Volume 116, Number 11 Pages 1825-1835 (November 2016)
Social media tools, including blogs, social networks and media-sharing sites, help nutrition and dietetics practitioners reach broader audiences and connect directly with the public. In many ways, social media has transformed the practice of dietetics and has opened up new avenues for communicating food and nutrition information. Social media has been an effective tool for virtual nutrition counseling, patient education, peer-to-peer support and public health campaigns. Increasingly, nutrition and dietetics practitioners are using social media to network and collaborate with colleagues, conduct a job search, stay current with new research, champion a cause, promote products or services and build a business. The potential role of social media in the profession is far reaching, yet there are important guidelines to follow related to ethics and professionalism. When using social media, nutrition and dietetics practitioners must remember that they are governed by the same Code of Ethics that guides all other aspects of practice. In addition, it is critical to have a thorough understanding of all the factors related to social media professionalism, including disclosure rules from the Federal Trade Commission, patient/client privacy and confidentiality as covered by the Health Insurance Portability and Accountability Act, and copyright laws that protect intellectual property. In today's digital age, it is essential for nutrition and dietetics practitioners to recognize the professional opportunities and challenges of social media. Failing to effectively and ethically use social media can reflect poorly on the individual practitioner and the profession. Certain violations may have legal implications. The purpose of this Academy of Nutrition and Dietetics practice paper is to provide guidance on social media’s relevance, potential applications, best practices, benefits and risks.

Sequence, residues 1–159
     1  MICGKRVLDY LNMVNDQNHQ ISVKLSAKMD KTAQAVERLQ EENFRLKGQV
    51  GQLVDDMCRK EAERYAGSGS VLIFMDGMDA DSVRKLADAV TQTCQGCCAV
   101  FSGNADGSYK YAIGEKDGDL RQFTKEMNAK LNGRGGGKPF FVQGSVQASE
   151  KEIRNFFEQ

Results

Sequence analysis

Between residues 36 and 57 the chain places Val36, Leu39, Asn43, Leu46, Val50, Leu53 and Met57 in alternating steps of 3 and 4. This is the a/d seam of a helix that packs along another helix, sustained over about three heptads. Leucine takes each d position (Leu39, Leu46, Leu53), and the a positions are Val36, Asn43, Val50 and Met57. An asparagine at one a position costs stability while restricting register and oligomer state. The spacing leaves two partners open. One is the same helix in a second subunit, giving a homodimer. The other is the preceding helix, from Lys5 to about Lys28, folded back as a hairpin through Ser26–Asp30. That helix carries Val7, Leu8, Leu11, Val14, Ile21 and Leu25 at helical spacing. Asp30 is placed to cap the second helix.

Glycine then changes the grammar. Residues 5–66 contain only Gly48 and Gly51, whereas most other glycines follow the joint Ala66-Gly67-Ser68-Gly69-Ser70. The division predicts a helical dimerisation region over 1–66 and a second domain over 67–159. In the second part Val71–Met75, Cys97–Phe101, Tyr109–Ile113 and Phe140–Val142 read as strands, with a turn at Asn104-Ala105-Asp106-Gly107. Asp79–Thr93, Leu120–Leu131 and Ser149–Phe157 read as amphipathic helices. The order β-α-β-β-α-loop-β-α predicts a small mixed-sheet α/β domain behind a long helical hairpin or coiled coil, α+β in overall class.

- PDF version
- *This paper offers a free CPE opportunity for Academy members.
Please note the correction for Rick Hall's credentials in the acknowledgement section of the practice paper: Rick Hall, PhD, RDN, FAND (Arizona State University, Phoenix, Ariz.).